For the first half of “The Queen of Versailles,” you gaze at Jackie and David Siegel with fascinated disgust. She’s a 43-year-old mother of eight, a former model and beauty queen with an artificially enhanced super-bosom. He’s a 74-year-old magnate, the CEO of Westgate Resorts, the largest timeshare company in the world. They are so rich, their wealth almost defies comprehension. They take the limo to McDonald’s. When Jackie goes to rent a car, she asks the befuddled guy manning the counter, “What’s my driver’s name?”
The family lives in Orlando, in a mansion that has 17 bathrooms and sprawls over 26,000 square feet. But the Siegels decide they need larger digs. They will build a house with 30 bathrooms, 10 kitchens, two tennis courts, a skating rink, a bowling alley, a gym and a full-sized baseball field. The architecture of the home will be inspired by the Palace of Versailles in France and the Paris Las Vegas hotel.
That was the plan, anyway. Director Lauren Greenfield started shooting “The Queen of Versailles” in 2007, when the Siegels were on track to earn $1 billion, and kept filming after the stock market crashed and the bottom fell out of the timeshare industry, taking the family fortune with it. By then, construction was under way on what was intended to be the largest single-roof home in America.The movie is filled with moments that make you laugh and cringe at the same time: In one scene, she discovers that her daughter’s pet lizard has starved to death in its terrarium (in her defense, the girl says that she couldn’t get anyone to take her to the pet store to buy the animal food). In another, more horrifying scene, Jackie discovers her Pomeranian’s puppies are missing, and fears that her son’s pet boa, which slithers around loose in the house, may have eaten them.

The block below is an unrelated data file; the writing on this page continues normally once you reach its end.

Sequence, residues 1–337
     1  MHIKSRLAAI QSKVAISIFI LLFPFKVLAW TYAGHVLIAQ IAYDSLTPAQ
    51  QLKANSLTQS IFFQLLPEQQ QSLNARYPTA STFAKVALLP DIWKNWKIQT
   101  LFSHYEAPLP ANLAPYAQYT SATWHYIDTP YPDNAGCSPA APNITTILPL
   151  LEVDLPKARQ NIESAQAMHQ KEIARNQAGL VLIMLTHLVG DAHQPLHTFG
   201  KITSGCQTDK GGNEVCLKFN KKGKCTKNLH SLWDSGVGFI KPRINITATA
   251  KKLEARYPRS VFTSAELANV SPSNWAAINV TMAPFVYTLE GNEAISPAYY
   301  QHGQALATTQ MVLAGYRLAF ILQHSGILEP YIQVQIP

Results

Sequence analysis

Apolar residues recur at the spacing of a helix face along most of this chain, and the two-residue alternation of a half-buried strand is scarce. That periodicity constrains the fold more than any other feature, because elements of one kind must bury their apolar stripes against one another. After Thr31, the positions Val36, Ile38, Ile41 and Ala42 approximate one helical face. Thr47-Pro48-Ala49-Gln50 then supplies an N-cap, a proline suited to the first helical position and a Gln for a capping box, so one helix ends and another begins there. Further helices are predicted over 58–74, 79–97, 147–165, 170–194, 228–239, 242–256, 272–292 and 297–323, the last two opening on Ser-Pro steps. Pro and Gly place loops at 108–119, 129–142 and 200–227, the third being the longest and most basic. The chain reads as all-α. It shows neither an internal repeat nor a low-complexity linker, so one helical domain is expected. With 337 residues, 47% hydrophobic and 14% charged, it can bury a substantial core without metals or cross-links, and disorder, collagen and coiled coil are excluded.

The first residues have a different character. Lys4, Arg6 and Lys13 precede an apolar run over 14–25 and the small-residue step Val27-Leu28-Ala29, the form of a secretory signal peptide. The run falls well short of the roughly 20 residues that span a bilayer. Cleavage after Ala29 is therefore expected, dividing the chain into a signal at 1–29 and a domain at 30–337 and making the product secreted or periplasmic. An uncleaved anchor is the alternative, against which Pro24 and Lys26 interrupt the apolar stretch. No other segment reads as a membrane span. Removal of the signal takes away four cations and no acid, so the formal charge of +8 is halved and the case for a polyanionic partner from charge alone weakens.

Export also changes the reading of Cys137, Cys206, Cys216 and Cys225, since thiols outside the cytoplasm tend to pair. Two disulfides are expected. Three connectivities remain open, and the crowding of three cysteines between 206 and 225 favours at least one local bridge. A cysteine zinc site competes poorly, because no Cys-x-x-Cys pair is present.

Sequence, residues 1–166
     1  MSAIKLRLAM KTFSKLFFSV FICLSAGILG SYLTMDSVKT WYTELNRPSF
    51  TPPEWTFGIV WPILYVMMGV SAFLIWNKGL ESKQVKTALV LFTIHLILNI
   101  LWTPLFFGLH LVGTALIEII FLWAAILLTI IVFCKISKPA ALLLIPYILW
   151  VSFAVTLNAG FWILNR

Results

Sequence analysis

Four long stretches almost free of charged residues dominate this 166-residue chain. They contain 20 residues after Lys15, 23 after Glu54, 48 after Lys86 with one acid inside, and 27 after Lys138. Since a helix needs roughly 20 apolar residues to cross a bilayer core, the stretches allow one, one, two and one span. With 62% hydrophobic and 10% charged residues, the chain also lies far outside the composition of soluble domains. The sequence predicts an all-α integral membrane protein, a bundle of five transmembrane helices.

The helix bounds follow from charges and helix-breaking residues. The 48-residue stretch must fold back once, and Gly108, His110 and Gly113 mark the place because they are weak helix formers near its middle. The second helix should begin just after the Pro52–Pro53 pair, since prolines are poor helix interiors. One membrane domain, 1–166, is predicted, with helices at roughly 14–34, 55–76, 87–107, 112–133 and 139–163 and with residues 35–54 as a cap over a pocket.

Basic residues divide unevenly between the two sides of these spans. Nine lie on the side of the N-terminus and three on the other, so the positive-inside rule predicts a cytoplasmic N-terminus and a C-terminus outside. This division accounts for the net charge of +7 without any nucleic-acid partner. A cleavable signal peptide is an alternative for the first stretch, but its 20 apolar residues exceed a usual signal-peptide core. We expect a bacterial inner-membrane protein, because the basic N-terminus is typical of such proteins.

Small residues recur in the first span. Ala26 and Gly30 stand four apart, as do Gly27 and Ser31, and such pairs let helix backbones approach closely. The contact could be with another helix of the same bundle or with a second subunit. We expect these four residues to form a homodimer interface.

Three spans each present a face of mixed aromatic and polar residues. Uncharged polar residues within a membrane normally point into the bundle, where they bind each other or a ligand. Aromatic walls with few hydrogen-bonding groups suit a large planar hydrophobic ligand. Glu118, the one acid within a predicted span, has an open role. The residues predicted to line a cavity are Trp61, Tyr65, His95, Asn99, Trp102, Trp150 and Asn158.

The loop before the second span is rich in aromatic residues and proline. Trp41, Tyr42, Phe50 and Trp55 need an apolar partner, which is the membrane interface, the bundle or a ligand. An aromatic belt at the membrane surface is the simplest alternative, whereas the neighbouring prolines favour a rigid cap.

Jackie’s relationship to her children (one of them a niece she is raising as her own) is tenuous — they relate to her more as a substitute teacher than a parent — and her connection to her husband grows increasingly brittle as their finances worsen. At first, she proudly plays the role of trophy wife. Later, no amount of low-cut cleavage or Botox injections can prevent David from calling her “an old hag” on camera or shrinking away from her when she tries to give him a Christmas kiss.
The heart of “The Queen of Versailles” rests with the increasingly troubled couple, whose divide grows larger with every financial setback, and especially Jackie, who seems either unwilling or unable to see that her husband, disappointed by his own failure and annoyed by her indefatigable spirit, is slowly growing to hate her.
By the end, the movie has pulled off a small miracle: You become absorbed in the lives of these people for who they are and not what they own.